The extras are titled "Runaway Residue," and they are plentiful. Three trailers are included - one for "Hitch Hike" that's about as silly as the movie itself, an ominous "Kidnapped Coed" theatrical spot, and another for the alternate title, "The Kidnap Lover," in which the narrator's apparent goal is to repeat the title of the film as often as possible.

The crown jewel of the extras is a 1992 videotaped tour of Boxoffice International's offices, conducted by Harry Novak himself. Stout, rotund and garbed in a Hawaiian shirt, the veteran film producer guides us through a cluttered wealth of promotional materials, oddities and rarities in a facility decorated with art and photos from theatrical posters and press kits. He even has a crude, first-rate screening room. Nifty!

Three shorts are included that share themes with the two features. The first of these - "The Hitch-Hiker" - is the best, in which a sassy, shapely girl with skunk hair strips for a ride after hers breaks down...with disastrous consequences. "The Dangerous Stranger" is a typical, uninspired '50s educational short inspired by and created in response to the horrifying 1949 kidnapping, molestation and murder of six-year-old Linda Joyce Glucoft. This short warns children about strangers and depicts them using methods that would have them arrested in no time today. It also features a car chase and a happy ending. The worst of this lot is a crude cartoon titled, "The Catious Twins" that treads heavily on the same cautionary theme. All of these shorts were taken from very rough prints, and likely the best available. "The Catious Twins" even lacks its introduction and ending!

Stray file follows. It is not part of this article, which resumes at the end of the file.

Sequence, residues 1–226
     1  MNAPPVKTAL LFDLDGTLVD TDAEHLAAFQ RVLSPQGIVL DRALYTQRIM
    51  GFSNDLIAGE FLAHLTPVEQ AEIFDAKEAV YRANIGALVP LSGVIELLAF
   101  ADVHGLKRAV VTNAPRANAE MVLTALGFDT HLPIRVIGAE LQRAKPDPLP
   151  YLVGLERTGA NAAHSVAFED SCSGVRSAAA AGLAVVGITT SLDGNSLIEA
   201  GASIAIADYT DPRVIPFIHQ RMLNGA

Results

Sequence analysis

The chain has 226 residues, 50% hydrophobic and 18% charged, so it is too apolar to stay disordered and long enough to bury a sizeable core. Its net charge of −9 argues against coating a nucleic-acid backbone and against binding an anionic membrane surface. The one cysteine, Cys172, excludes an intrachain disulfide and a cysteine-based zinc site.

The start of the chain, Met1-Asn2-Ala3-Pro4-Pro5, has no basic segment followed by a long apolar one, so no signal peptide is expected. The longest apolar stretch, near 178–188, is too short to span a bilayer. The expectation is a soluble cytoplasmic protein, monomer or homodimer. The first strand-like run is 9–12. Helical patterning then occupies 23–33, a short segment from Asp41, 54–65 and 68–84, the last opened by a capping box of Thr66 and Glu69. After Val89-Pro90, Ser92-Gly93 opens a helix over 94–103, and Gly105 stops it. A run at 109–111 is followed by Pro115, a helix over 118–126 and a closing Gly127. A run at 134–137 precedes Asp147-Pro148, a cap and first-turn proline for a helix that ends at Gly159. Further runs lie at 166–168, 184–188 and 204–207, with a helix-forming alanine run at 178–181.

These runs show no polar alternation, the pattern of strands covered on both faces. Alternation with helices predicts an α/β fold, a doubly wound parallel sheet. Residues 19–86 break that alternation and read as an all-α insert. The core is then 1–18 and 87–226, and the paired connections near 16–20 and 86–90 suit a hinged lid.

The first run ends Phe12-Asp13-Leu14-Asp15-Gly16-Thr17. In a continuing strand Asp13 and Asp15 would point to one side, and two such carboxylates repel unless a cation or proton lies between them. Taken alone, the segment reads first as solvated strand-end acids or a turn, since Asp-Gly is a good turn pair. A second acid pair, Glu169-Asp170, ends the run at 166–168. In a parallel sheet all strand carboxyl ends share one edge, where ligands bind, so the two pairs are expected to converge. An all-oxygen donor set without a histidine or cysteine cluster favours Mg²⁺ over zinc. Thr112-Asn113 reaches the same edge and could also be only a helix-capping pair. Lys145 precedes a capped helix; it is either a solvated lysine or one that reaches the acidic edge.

The last bonus feature is a slideshow of artwork and photos from Boxoffice International press kits and newspaper advertisements for films such as "Mantis in Lace," "Behind Locked Doors," "The Exotic Dreams Of Casanova," "Machismo 40 Graves for 40 Guns" and "Please Don't Eat My Mother," among many others. It's scored by cheesy period pop music and, like almost everything else on this terrific release, is more fun than you probably deserve."